Michael Chèze Productions


The art of filming real life

"I think it's inevitable that people will come to find the documentary a more compelling and more important kind of film than fiction... In a way, you're on a serendipitous journey, a journey which is more akin to life experience. When you see somebody on screen in a documentary, you're really engaged with that person going through real life experiences. So for that period of time, as you watch the film, you are, in effect, in the shoes of another individual. What a privilege to have that experience."

 - Albert Maysles

With a background in fictional dramatic films, Michael Chèze finds himself more drawn, in recent years, to watching and making documentary films. A classic sense of beauty, candour and intimacy with the subject - these are qualities that emerge in his filming and give his work power. His editing choices and narrative sense enhance the lyricism of the images he captures, and give the viewer the sense of "being there."


Two short docmentaries which Michael made in 2009 - 2010 were filmed at Knysna's accaimed restaurant and bakery, île de päin (French for "island of bread"). île de päin co-owner and fourth generation artisan baker Markus Fãrbinger, formerly Dean of the Baking and Pastry Curriculum at the Culinary

Institute of America, is also a master pastry chef and chocolatier. I wanted to capture the beauty of artisan baking as a time-honoured art form. In the first film, early hours, Michael closely observes Markus and the other bakers working long before sunrise. The film has a painterly atmosphere, and there is a mood of almost monastic contemplation among the men. The action is unstaged, and Michael worked without a separate sound recordist, to be as unobtrusive as possible, and used available light only.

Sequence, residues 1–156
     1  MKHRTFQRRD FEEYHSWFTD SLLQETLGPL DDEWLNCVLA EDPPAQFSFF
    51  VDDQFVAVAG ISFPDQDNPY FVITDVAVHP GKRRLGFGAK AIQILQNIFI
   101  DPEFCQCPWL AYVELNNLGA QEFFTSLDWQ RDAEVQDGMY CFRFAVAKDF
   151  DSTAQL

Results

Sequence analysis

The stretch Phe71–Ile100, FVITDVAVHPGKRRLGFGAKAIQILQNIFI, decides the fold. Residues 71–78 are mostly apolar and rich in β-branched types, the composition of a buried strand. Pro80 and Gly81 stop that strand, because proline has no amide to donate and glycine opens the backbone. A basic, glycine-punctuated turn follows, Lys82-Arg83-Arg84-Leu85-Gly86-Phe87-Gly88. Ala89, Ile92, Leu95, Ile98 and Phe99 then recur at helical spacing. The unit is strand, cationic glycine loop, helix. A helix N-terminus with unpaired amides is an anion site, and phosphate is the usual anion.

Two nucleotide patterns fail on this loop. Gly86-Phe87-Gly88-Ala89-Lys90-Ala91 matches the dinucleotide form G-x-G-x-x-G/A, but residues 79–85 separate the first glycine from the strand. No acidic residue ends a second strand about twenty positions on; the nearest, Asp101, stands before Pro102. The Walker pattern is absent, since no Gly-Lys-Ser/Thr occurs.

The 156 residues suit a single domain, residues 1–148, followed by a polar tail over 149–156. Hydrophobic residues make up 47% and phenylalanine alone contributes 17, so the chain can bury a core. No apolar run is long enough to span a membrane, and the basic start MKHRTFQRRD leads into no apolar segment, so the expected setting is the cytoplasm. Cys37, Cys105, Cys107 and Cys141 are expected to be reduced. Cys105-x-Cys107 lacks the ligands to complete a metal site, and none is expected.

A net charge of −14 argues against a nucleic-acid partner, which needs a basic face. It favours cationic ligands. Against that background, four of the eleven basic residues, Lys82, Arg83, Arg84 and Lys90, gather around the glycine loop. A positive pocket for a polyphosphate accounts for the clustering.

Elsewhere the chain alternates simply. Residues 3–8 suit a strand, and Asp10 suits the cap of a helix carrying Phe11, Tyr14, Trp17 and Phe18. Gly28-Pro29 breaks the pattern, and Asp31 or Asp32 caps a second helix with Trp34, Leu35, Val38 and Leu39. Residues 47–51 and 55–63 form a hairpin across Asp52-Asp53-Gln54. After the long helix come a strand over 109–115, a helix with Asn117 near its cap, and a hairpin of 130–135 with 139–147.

The second film, scenes from a café-bakery, like early hours, is unstaged and filmed using available light only. It captures the different rhythms of île de päin during the day: staff arrive and prepare to open the doors to the flow of guests and people queuing for breads and pastries; île de päin becomes a canvas of humanity; the bakery - visible to those seated in the restaurant - continues to be busy.


The film includes an absorbing scene in which the skilled artisan bakers stretch a strudel dough and fill it, in preparation for baking. Michael chose not to use voice-over in either of the films, as he wanted viewers to enter the world he was filming for themselves. He also chose not to rely on a musical soundtrack to create atmosphere, particularly in early hours where the sounds that occur naturally in the bakery have a beauty of their own.